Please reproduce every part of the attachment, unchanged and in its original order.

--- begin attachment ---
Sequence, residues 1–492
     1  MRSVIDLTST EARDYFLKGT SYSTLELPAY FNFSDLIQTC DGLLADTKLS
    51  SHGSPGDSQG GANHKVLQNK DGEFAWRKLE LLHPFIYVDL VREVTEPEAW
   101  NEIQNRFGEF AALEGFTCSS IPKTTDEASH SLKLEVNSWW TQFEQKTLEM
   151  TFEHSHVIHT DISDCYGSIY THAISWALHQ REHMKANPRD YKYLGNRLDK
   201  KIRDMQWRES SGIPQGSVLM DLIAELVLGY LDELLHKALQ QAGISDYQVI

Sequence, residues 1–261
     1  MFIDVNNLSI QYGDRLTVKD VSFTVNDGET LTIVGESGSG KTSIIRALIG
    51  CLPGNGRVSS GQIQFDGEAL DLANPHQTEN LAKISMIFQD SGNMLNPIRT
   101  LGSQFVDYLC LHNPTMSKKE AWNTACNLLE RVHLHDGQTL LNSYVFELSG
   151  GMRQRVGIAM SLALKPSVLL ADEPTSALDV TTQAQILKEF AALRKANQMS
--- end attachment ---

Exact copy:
Sequence, residues 1–492
     1  MRSVIDLTST EARDYFLKGT SYSTLELPAY FNFSDLIQTC DGLLADTKLS
    51  SHGSPGDSQG GANHKVLQNK DGEFAWRKLE LLHPFIYVDL VREVTEPEAW
   101  NEIQNRFGEF AALEGFTCSS IPKTTDEASH SLKLEVNSWW TQFEQKTLEM
   151  TFEHSHVIHT DISDCYGSIY THAISWALHQ REHMKANPRD YKYLGNRLDK
   201  KIRDMQWRES SGIPQGSVLM DLIAELVLGY LDELLHKALQ QAGISDYQVI

Sequence, residues 1–261
     1  MFIDVNNLSI QYGDRLTVKD VSFTVNDGET LTIVGESGSG KTSIIRALIG
    51  CLPGNGRVSS GQIQFDGEAL DLANPHQTEN LAKISMIFQD SGNMLNPIRT
   101  LGSQFVDYLC LHNPTMSKKE AWNTACNLLE RVHLHDGQTL LNSYVFELSG
   151  GMRQRVGIAM SLALKPSVLL ADEPTSALDV TTQAQILKEF AALRKANQMS